Cloudera Brings Enterprise Search to Hadoop

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    Eight Ways to Put Hadoop to Work in Any IT Department

    One of the first things any organization is going to want to do once it accumulates a mass of Big Data is search it. That usually means finding and deploying an enterprise search engine.

    To eliminate the friction involved in that process, Cloudera this week announced that it plans to bundle the open source Apace Solr enterprise search engine with the company’s distribution of Hadoop.

    According to Charles Zedlewski, vice president of products at Cloudera, the goal is to make Hadoop more accessible to organizations that don’t have a lot of programming skills. While there are roughly 120,000 people in the world that know Hadoop, and one to two million who know how to program in SQL, Zedleski notes that billions of people are familiar with how to use a search.


    Right now, Zedleski says Cloudera estimates that 20 percent of its customers have already integrated an enterprise search engine with Hadoop.

    Available in beta, Zedleski says Cloudera Search is tightly integrated with Hadoop Distributed File System (HDFS) and Apache HBase and includes an application programming interface that can be used to tie Cloudera Search to legacy systems.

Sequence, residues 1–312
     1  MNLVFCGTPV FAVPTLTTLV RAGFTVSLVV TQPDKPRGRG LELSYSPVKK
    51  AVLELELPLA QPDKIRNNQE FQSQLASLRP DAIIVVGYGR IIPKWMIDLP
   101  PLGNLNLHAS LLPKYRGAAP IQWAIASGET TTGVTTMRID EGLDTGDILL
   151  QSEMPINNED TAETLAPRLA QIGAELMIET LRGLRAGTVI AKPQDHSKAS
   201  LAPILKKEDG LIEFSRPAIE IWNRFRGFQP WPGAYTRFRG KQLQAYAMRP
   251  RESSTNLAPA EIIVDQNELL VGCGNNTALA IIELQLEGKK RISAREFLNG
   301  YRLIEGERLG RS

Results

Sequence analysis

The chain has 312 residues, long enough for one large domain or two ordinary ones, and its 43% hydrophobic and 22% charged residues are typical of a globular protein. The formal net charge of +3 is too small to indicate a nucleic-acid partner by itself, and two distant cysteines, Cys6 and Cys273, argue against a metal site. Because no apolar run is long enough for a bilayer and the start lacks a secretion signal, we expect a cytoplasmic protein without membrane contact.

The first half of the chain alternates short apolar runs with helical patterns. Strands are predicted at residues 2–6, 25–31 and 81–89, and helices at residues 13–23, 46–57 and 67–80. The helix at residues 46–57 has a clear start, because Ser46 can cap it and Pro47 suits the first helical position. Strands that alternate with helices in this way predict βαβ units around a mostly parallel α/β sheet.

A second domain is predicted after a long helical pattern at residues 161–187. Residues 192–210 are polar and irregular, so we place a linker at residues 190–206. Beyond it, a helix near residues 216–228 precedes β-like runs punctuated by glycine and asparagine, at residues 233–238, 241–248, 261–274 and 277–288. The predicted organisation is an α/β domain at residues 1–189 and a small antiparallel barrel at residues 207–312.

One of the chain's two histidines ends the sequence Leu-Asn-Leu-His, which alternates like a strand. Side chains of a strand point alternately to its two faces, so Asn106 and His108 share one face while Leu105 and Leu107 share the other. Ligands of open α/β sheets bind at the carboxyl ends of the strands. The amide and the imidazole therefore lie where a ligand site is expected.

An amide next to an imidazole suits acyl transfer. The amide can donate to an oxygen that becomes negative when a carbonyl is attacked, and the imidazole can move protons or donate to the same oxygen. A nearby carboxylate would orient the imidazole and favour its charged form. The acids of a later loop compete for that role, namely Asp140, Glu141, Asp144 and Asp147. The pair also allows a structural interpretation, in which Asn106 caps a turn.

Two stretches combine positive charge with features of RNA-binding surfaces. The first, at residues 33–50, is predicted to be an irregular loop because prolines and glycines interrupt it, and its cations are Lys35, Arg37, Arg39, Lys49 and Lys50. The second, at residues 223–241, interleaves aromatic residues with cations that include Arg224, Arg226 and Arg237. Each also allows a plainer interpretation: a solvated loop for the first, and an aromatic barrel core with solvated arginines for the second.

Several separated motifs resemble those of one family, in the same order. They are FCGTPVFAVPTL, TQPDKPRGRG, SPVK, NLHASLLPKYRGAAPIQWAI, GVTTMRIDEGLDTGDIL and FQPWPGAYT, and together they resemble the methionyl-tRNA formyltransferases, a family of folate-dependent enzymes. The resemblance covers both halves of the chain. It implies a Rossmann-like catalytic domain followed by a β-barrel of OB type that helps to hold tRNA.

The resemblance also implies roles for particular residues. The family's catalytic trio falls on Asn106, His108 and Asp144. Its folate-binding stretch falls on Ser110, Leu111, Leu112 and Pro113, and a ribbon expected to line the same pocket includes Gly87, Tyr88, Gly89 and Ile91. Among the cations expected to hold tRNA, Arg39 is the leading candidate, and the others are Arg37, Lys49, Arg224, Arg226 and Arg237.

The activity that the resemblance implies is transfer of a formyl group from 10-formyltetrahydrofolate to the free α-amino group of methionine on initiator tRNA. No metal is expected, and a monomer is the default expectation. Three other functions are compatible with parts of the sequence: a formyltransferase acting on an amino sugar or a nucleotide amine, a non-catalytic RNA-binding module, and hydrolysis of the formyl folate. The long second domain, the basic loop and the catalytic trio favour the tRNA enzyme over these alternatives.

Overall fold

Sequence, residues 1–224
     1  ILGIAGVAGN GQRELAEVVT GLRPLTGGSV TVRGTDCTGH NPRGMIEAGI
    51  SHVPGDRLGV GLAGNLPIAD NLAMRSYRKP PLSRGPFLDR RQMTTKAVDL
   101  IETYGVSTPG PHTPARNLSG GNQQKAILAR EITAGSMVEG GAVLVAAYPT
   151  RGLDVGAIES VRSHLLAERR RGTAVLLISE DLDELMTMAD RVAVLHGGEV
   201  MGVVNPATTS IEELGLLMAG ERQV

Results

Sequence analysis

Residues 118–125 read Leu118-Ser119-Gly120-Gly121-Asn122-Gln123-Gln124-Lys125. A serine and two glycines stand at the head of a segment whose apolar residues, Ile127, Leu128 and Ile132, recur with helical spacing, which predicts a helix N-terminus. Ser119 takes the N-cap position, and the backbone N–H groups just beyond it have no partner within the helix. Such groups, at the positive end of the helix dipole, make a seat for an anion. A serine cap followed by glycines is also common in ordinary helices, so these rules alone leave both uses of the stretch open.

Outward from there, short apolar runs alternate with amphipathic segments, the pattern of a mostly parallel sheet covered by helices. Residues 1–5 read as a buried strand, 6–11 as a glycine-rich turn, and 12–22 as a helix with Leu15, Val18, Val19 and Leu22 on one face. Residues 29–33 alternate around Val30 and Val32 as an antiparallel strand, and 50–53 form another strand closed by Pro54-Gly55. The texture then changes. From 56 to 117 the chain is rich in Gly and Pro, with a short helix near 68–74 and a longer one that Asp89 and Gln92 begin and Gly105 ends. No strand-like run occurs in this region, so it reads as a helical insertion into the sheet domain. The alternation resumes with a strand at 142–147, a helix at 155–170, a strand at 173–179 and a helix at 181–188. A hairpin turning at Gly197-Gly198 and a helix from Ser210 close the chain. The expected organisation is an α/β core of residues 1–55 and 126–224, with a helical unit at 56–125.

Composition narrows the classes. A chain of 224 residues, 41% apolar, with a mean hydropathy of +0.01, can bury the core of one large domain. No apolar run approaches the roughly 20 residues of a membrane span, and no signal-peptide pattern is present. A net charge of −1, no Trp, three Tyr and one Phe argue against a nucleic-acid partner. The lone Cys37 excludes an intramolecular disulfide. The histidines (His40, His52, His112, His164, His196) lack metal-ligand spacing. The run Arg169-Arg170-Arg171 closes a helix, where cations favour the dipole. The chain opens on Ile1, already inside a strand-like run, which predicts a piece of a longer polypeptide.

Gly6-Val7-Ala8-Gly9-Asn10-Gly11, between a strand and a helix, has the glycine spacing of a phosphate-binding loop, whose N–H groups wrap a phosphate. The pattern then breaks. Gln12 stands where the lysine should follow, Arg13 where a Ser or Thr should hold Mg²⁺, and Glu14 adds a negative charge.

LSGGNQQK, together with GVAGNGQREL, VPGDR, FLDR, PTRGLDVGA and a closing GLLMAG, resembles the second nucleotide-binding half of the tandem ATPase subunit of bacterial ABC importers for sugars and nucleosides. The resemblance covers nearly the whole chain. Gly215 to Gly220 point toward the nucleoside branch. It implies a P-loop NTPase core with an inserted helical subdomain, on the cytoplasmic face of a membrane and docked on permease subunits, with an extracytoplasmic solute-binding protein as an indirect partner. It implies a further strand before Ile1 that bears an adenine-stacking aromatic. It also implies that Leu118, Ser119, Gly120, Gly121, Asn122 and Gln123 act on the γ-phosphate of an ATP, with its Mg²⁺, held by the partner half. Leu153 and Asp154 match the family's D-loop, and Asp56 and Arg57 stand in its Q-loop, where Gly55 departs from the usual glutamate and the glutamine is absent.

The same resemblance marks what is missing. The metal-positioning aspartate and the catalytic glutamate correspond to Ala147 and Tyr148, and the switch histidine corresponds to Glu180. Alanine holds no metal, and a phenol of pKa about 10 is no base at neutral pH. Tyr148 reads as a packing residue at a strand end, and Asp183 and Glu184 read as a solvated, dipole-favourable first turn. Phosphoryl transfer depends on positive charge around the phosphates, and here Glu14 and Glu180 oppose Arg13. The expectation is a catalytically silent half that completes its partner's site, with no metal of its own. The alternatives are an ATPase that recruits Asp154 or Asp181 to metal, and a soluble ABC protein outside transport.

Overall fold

As a storage file system, Hadoop presents a unique opportunity to affordably store massive amounts of data, which makes a lot of sense assuming that people actually have some way of getting at it. Once those tools are in place, the number of Hadoop projects being deployed across the enterprise should steadily increase.

    Mike Vizard
    Mike Vizard
    Michael Vizard is a seasoned IT journalist, with nearly 30 years of experience writing and editing about enterprise IT issues. He is a contributor to publications including Programmableweb, IT Business Edge, CIOinsight and UBM Tech. He formerly was editorial director for Ziff-Davis Enterprise, where he launched the company’s custom content division, and has also served as editor in chief for CRN and InfoWorld. He also has held editorial positions at PC Week, Computerworld and Digital Review.

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